This Intimate Kayaking Safari Is the Ultimate Way to See Alaskan Wildlife
Alaska’s waters are rich with wildlife just waiting to be discovered on a kayaking adventure.
In my fantasies, when I picture myself escaping the hustle of life on a remote island, I’m on a sun-drenched, white-sand beach surrounded by turquoise waters — you know, the Maldives. Maybe somewhere in the Caribbean. I’m not frolicking on a remote, rocky seashore, where the high temperature is about 50 degrees Fahrenheit, even in summer.
But that’s exactly what I got on Fox Island, which sits in the middle of Alaska’s Kenai Fjords National Park — one of the few national parks that’s only reachable by boat. To get there, it takes a scenic, glass-domed train ride on Alaska Railroad from Anchorage to Seward, followed by a 45-minute boat ride from Seward across Resurrection Bay.
Often shrouded in ghostly fog, Fox Island is known for jagged cliffs, clear water, and beaches covered with flat, smooth pebbles perfect for skipping. The destination — exclusively accessible through adventure company (and lodge operator) Pursuit’s Kenai Fjord Tours — is only open to visitors between the end of May to the beginning of September (this year, the season wraps on September 1), so the window to experience its mysterious shores is short. But, as I learned, well worth it.
As a New Yorker, a typical outdoor adventure for me consists of walking the 10 minutes to Prospect Park and perhaps traversing its Great Lawn. Once, I took advantage of a 15-minute free kayaking lesson on the East River. With Alaska celebrating its 60th year of statehood, I felt the time was right for an adventure, though I was both intrigued by Pursuit’s trips and anxious it might test my limits. The package (starting from two nights at $1,340 per person, based on double occupancy) includes the boat ride to and from Seward to the island; meals that highlight local Alaskan ingredients; and a two-hour guided kayak tour. Somehow, I let myself be talked into upgrading to the full-day tour, lured by the promise of puffin and sea lion sightings.
My first night on the island, a torrential storm hit. There are no power outlets, no WiFi, no televisions, and spotty cell service in the cabins (the lodge has a charging station and staff have backup communications to the mainland), so I was essentially forced to unplug. The island’s main source of energy is solar power (which shockingly provides reliable hot water and electricity, despite the fog). Each cabin is equipped with a copy of American artist Rockwell Kent’s Wilderness: A Journal of Quiet Adventure in Alaska, which he completed after spending the winter of 1918 to 1919 on the island. With nothing else to do, I cracked open chapter one and waited for the rain to pass.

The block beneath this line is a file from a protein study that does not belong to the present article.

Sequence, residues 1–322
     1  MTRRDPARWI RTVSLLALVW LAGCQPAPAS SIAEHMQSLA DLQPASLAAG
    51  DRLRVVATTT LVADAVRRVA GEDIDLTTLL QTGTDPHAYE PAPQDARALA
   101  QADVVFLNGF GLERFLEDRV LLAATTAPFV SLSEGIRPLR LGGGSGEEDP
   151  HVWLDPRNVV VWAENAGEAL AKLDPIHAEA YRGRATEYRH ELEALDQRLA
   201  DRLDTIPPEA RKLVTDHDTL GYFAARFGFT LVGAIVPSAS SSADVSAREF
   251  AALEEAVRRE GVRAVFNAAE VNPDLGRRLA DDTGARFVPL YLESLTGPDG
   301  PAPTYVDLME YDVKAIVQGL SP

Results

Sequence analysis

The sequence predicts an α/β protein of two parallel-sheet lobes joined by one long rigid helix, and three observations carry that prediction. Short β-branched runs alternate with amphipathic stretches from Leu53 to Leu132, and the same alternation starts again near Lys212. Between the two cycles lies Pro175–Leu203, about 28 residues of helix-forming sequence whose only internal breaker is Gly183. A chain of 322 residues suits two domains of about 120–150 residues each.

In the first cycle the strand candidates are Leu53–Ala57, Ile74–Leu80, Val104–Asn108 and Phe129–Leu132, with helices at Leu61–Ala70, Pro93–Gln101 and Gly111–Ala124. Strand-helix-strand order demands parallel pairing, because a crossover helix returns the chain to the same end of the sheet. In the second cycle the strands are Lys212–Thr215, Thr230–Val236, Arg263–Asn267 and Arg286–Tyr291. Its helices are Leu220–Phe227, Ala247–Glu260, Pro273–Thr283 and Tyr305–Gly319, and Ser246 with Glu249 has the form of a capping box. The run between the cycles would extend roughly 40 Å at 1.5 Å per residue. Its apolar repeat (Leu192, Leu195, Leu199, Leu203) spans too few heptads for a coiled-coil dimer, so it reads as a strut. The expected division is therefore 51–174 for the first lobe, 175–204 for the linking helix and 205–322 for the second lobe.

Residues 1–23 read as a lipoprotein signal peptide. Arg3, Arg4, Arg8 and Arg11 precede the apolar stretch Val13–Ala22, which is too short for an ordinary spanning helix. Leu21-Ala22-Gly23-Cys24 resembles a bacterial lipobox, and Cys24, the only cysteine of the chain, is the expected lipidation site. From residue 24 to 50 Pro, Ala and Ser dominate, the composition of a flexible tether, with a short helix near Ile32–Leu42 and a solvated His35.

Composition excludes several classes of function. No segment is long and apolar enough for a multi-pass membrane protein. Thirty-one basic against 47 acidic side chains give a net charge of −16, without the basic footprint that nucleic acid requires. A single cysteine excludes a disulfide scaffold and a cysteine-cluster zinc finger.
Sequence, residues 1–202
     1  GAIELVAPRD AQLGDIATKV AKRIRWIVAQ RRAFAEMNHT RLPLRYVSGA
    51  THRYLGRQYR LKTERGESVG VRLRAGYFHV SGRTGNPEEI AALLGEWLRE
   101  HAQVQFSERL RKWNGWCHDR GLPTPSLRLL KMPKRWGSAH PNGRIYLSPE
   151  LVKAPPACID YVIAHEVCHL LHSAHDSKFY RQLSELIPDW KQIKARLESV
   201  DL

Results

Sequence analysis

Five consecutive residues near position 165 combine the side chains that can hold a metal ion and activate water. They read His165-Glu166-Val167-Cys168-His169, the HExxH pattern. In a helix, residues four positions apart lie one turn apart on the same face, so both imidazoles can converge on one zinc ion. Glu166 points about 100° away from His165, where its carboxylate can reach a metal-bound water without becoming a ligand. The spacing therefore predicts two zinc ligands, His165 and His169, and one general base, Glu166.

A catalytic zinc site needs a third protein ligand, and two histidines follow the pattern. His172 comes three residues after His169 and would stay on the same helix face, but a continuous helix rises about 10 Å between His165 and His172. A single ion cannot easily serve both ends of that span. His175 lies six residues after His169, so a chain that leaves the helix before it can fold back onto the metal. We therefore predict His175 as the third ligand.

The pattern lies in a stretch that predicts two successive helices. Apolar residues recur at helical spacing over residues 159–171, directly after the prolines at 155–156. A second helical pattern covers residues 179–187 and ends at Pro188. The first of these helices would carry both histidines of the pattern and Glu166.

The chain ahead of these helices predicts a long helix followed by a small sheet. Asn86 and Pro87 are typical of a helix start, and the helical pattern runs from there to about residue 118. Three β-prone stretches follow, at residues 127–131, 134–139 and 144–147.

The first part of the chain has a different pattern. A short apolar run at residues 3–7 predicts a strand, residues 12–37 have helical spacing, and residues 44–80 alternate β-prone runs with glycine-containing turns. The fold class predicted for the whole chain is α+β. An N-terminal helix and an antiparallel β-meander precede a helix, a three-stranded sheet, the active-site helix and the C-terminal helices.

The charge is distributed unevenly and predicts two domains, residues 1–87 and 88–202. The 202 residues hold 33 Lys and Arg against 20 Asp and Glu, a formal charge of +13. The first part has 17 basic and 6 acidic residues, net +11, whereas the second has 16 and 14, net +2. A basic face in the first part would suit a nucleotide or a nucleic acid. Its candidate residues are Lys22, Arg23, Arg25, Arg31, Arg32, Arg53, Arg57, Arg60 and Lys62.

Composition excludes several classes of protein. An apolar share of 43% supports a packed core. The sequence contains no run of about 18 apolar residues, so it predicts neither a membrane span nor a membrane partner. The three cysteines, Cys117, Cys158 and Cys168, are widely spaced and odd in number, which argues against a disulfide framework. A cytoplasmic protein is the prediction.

The next morning, I headed to the lodge for a way-too-brief kayak instructional by Danny from Sunny Cove Sea Kayaking, which operates all the tours from Fox Island in partnership with Pursuit. I was reassured by Danny that the fact that it was overcast was a good thing — sun often brings wind, which makes staying upright in a kayak more difficult. But as soon as we pushed off, I immediately felt out of my depth, as my companions paddled easily past me and my forearms already throbbed. Danny was patient, and demonstrated (again) for me how to hold my paddle so I wouldn’t become sore.
And then, he told me to look to the right, where I was confronted with a giant rock wall dotted with puffins. I squealed, grabbed my camera, pointed it at the chubby, cheerful little birds flying all around us. Soon, the hours fell away as we paddled across the bay, spotting more puffins, furry sea lions, and bald eagles overhead. Danny led us to a hidden hamlet called Humpy Cove, where the sea meets a freshwater river that’s filled with spawning salmon and fed by a gigantic waterfall . River otters also slipped in and out of the water to say hello. On the paddle back, the sun peaked through the clouds. I had made it, with two nearly numb arms as proof. That night, after an exceptional dinner of local salmon and foraged fiddleheads, I slept soundly.
The next morning’s six-hour tour of the Kenai Fjords National Park was dazzling in a whole new way, as we glided past three towering glaciers, including the majestic Ailik Glacier, where we stopped amid its floating icebergs to hear its thunderous calving. On our journey back to Seward, we passed humpback whales and orcas, plus more sea lions, otters, and puffins.
In the end, mine was just a small taste of the epic adventure Alaska has to offer. Whether yours is a 10-day cruise, hiking through Denali National Park, skiing in Girdwood, or bear-spotting in Katmai National Park, this is the year to make it happen.